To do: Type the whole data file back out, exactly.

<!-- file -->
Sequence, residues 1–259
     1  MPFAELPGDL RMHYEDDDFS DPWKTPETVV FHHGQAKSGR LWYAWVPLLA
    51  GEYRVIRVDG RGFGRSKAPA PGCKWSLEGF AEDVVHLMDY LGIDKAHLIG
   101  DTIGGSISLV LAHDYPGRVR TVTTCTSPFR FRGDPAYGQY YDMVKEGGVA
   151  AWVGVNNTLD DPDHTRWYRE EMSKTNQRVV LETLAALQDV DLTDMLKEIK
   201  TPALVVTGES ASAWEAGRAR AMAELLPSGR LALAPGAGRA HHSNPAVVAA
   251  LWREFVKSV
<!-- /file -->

Sequence, residues 1–259
     1  MPFAELPGDL RMHYEDDDFS DPWKTPETVV FHHGQAKSGR LWYAWVPLLA
    51  GEYRVIRVDG RGFGRSKAPA PGCKWSLEGF AEDVVHLMDY LGIDKAHLIG
   101  DTIGGSISLV LAHDYPGRVR TVTTCTSPFR FRGDPAYGQY YDMVKEGGVA
   151  AWVGVNNTLD DPDHTRWYRE EMSKTNQRVV LETLAALQDV DLTDMLKEIK
   201  TPALVVTGES ASAWEAGRAR AMAELLPSGR LALAPGAGRA HHSNPAVVAA
   251  LWREFVKSV